No. 7: Colgate Kitchen Entrees
The Brand Failures blog explains: In what must be one of the most bizarre brand extensions ever Colgate decided to use its name on a range of food products called Colgate's Kitchen Entrees. Needless to say, the products did not take off and never left U.S. soil. The idea must have been that consumers would eat their Colgate meal, then brush their teeth with Colgate toothpaste. The trouble was that for most people the name Colgate does not exactly get their taste buds tingling.


No. 6: Ben-Gay Aspirin
Ben-Gay cream is great for topically relieving aches and pains. But the idea of swallowing Ben-Gay? Not so appealing. That was the problem the company faced when they tried to launch an aspirin. Their first brand extension, Ultra-Strength Ben-Gay, was essentially the same product as the original and was very successful. The aspirin? Not so much.




No. 5: Earring Magic Ken
Barbie and her companions have gone through many incarnations since her creation in 1959, but none is more infamous than "Earring Magic Ken." Exit classy tuxedos and suits and enter mesh t-shirt, purple leather vest, and earring. Pretty soon "New Ken" was dubbed "Gay Ken." And parents were not pleased with his fashion-forward style. After an article focusing on Earring Magic Ken appeared in 'The Stranger' newspaper, Mattel discontinued production and recalled poor Ken and his earring off the shelves.


No. 4: DeLorean Car

Auto pioneer John DeLorean quit General Motors in 1973 to start his own company. His company's car was an unusual car featuring an unpainted, stainless-steel exterior and gull-wing doors. The car debuted in 1981, but when the company failed less than two years later it had produced fewer than 9,000 vehicles.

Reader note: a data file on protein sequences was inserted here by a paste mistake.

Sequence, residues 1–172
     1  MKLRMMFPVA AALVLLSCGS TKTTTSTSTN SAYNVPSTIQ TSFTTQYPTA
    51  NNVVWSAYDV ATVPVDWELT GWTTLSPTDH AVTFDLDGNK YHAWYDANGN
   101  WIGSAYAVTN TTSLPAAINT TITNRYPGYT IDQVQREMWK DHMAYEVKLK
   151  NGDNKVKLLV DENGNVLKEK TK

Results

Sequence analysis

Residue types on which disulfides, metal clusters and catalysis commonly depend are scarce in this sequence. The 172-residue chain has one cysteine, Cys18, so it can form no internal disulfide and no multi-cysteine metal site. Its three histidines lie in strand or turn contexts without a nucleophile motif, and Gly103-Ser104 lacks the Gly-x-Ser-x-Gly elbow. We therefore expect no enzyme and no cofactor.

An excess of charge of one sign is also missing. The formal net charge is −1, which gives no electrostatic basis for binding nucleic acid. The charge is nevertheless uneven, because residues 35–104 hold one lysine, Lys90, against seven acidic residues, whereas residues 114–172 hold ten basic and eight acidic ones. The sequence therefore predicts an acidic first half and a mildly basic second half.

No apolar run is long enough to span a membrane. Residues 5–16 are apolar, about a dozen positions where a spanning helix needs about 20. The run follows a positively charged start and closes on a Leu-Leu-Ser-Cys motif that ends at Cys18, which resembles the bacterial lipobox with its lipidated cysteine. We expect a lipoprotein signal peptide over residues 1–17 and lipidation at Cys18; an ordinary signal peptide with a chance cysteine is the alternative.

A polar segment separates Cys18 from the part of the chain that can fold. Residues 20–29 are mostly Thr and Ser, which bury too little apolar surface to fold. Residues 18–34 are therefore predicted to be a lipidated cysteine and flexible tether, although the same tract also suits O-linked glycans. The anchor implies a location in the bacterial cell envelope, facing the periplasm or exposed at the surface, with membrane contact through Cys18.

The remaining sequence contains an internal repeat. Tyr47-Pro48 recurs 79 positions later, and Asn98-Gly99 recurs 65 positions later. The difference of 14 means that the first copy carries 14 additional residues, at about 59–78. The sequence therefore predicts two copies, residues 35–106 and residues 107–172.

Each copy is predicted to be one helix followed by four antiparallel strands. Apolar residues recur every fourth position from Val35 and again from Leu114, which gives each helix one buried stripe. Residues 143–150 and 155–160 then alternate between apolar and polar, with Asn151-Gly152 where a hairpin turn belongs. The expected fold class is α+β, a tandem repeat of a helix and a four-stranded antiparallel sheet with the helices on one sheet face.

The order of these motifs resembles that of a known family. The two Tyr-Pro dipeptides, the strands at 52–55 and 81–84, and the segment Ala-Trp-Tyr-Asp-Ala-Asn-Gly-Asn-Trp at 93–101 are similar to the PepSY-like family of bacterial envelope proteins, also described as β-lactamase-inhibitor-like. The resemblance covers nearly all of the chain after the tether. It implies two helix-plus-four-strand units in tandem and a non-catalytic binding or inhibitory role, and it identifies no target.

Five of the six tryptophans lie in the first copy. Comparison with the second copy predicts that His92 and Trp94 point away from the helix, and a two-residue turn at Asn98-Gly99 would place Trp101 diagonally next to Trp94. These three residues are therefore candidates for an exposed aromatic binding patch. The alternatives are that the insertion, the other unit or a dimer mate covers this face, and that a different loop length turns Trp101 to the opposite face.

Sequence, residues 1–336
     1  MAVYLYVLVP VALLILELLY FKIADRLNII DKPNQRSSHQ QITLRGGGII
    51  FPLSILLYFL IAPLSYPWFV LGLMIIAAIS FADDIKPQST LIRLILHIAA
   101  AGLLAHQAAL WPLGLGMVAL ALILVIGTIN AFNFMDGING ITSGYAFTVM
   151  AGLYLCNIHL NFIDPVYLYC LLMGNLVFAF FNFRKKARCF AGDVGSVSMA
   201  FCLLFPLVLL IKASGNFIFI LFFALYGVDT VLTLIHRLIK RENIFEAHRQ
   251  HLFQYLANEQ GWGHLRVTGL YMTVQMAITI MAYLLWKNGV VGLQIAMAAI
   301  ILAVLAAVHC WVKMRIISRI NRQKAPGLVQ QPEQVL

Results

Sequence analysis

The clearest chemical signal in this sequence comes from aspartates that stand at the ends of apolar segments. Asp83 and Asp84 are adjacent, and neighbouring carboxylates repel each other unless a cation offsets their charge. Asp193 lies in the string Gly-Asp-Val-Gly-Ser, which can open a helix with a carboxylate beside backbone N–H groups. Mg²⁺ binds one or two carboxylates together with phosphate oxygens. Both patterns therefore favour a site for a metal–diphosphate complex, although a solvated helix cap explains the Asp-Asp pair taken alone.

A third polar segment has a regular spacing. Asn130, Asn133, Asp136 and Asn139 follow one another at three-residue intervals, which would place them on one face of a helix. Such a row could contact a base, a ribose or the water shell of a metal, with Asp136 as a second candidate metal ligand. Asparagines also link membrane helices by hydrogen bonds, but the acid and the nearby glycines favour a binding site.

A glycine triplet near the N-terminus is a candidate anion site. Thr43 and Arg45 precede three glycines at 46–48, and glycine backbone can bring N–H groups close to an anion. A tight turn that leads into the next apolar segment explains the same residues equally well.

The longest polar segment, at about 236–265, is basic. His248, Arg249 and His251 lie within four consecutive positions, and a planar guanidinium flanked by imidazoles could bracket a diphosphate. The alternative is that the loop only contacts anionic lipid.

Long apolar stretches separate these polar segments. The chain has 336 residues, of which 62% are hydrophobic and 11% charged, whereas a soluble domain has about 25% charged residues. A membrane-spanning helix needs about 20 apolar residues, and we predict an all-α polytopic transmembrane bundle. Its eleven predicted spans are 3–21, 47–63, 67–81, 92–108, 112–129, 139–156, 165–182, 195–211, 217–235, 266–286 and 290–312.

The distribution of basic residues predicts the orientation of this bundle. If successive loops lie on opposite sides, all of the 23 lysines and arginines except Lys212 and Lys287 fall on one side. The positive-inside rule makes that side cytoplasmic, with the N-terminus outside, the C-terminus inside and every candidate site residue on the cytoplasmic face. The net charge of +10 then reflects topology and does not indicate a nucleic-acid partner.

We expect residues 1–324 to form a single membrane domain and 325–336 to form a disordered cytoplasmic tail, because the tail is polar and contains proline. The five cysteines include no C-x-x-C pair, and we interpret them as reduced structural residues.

Despite horrific sales, the car gained a cult following after the release of the 1985 movie 'Back to the Future' which featured the car as a time-travel machine. Last year it was announced that the car would be returning with very limited production.

No. 3: Kellogg's Breakfast Mates
The idea behind Kellogg's Breakfast Mates was fairly simple -- pack a box of cereal with milk and a spoon, and you have a tasty meal on the go! Hey, it worked for Lunchables, right? Unfortunately, Kellogg's failed to take two things into account. First of all, though the milk included in the Cereal Mate did not require refrigeration, no one likes the idea of warm milk. And second, the ads showed parents sleeping while children helped themselves to Cereal Mates -- but the packaging was not child-friendly. The confusion associated with Breakfast Mates led to its ultimate failure.

No. 2: Bottled Water for Pets

People tend to pamper their pets, so it's not far-fetched to believe consumers might serve bottled water to their cats and dogs. At least that's what the makers of Thirsty Cat! and Thirsty Dog! must have believed. But despite the fact that the water came in such delicious flavors as Crispy Beef and Tangy Fish, it never seemed to catch on. Go figure.


No. 1: Bic Underwear
Bic has built its brand on the convenience of disposable products. Disposable razors? Disposable lighters? Convenient and affordable. Disposable underwear? Just plain weird. Other than the disposability factor, consumers could not find a link between the underwear and Bic's other products. With out a unifying factor, people were just confused. In addition, the idea of buying intimate attire from a company that also produces pens apparently does not appeal to most women.